Parts of Delhi-NCR reeled under a severe cold wave and witnessed dense fog on Thursday morning. According to the India Meteorological Department (IMD), the minimum temperature dropped to 2 degrees Celsius. Also, visibility levels dropped to 100 metres at Palam and 201 metres at Safdarjung due to dense fog.
Earlier on January 1, Delhi-NCR had recorded a minimum of 1.1 degrees Celsius, lowest for the month in 15 years.
The Met department said that the Safdarjung Observatory, which provides representative data for the city, recorded a minimum of 2 degrees Celsius, five notches below normal, as against 3.2 degrees Celsius on Wednesday. The weather stations at Lodhi Road and Ridge recorded a minimum of 2.4 and 3.6 degrees Celsius, respectively.
In the plains, the IMD declares a cold wave if the minimum temperature dips to 4 degrees Celsius. A severe cold wave is when the minimum is 2 degrees Celsius or less.
Cold and dry northerly/northwesterly winds from the western Himalayas have been barreling through the plains, bringing the minimum temperature in north India down, Kuldeep Srivastava, the head of the IMD's regional forecasting centre said.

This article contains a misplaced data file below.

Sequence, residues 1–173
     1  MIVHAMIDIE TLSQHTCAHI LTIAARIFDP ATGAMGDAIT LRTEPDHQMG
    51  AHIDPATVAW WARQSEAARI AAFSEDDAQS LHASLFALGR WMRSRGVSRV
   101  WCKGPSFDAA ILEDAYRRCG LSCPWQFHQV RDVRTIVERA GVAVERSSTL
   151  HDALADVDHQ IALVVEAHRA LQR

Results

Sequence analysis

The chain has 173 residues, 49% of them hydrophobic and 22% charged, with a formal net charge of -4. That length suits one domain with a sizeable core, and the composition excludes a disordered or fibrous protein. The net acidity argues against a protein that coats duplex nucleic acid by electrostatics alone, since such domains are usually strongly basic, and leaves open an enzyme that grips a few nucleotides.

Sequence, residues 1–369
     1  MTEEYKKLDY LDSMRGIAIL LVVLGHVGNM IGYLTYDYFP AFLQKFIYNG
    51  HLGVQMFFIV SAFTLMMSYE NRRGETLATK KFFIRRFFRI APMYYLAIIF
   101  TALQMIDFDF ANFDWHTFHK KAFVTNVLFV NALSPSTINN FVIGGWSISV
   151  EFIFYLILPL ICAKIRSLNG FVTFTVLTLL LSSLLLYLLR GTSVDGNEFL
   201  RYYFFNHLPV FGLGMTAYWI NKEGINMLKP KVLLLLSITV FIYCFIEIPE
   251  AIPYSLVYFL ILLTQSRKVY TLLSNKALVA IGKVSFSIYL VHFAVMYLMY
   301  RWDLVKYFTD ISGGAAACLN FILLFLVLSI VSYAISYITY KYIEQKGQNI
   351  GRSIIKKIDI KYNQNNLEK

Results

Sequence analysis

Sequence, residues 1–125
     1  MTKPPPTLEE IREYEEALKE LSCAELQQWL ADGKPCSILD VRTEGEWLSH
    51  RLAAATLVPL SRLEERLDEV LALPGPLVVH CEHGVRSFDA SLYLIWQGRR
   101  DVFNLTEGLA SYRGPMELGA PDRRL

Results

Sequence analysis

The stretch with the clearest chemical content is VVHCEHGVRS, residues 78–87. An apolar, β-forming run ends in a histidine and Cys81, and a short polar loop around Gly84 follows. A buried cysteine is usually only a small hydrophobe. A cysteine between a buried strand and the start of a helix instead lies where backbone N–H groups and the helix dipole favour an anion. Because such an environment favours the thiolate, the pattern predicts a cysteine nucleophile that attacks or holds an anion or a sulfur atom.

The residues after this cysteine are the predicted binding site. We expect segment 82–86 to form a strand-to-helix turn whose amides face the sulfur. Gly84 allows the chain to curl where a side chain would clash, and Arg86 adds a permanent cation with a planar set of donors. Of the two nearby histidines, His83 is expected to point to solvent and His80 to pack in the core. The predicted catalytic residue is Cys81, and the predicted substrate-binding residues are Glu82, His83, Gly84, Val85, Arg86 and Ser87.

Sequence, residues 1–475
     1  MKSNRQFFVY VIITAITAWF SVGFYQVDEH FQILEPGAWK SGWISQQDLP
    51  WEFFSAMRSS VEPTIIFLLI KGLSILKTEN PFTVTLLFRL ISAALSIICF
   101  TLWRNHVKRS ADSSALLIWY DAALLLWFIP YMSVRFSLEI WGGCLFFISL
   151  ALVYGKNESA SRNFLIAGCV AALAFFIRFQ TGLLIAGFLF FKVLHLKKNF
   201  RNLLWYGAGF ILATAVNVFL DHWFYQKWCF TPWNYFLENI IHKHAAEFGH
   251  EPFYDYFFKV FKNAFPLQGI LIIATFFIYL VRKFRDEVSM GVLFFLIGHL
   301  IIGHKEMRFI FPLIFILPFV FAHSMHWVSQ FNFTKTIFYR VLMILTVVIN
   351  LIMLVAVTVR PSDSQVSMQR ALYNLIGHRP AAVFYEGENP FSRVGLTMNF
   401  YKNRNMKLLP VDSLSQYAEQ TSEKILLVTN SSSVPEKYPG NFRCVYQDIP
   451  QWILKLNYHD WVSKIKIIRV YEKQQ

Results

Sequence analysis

Delhi had been registering above-normal minimum temperatures till Monday, as a cloud cover persisted over the city under the influence of successive Western Disturbances. However, the temperature started dropping with the commencement of cold northwesterly winds after the withdrawal of the latest WD.
Meanwhile, at minus 8.4 degrees Celsius, Srinagar equalled an 8-year-old record. The famous Dal Lake and other major lakes of the valley were frozen in many parts. People have been warned not to skate on the frozen water bodies as that could endanger their lives.
The IMD predicted no change in the weather conditions till January 31.